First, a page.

Page Two

 

 

              I then start the lathe and make a few light passes across the face of the blank to level and dress the surface.

 

Photo #5:  Blank face dressed

 

            I use a pair of callipers to lay out the tenon that will be used for mounting the plate when I reverse it.  I use a bowl gouge to remove some wood around the tenon and then a square end scraper and a ˝” skew laid on its side and used as a scraper to shape the tenon and inner side of the foot.

 

Photo #6:  Tenon and inner surface of foot cut.

 

            Next I start to rough the shape for the plate bottom.  I form the outside of the foot and begin shaping the “bowl” of the plate and the drooping corners.  The hollow underneath the corners is basically a cove cut into the face of the blank, and is cut just the same way as a cove on a spindle, by cutting in from both directions to the deepest part of the cove.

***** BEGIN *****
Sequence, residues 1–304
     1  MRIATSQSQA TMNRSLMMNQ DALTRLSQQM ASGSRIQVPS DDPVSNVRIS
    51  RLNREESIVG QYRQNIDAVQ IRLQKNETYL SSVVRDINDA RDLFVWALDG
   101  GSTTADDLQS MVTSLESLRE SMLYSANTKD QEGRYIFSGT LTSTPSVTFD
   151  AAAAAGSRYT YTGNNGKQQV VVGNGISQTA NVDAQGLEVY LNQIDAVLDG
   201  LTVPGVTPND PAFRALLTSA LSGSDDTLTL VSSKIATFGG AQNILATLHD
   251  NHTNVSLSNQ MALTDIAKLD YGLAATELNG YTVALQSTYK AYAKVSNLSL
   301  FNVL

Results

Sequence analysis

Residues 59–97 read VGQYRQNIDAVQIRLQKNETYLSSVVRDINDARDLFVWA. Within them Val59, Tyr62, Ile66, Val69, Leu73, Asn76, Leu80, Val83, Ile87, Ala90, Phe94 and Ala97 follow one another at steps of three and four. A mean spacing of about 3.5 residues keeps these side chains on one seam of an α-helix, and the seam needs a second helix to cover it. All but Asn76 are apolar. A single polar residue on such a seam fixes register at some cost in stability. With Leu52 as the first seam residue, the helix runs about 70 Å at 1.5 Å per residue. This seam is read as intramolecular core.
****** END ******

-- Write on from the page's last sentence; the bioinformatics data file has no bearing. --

Photo #7:  Rough shaping the bottom

 

            The most difficult part of this operation is that I am working almost solely by feel when cutting the underside of the corners.  This is an interrupted cut because for part of each workpiece revolution the gouge is not even touching the wood, let alone being supported by it.  I usually turn things like this at fairly high speed (~1500 rpm) to minimize the amount of time the gouge is “cutting air”.  The downside of the speed is that the corners are pretty much invisible because they are spinning so fast.  You really need to stop the lathe frequently both to see what shape is developing and to re-orient yourself as to where the corners are.

            The photo above shows the ridges that tend to develop where the outward cut on the plate bottom and the inward cut from the plate corner don’t quite meet perfectly.  I don’t worry about them until I have the shape pretty well complete, and then use a round end scraper to blend the curves together just before sanding.  I got a bit carried away and forgot to stop and take a picture before I started sanding this one.

 

 

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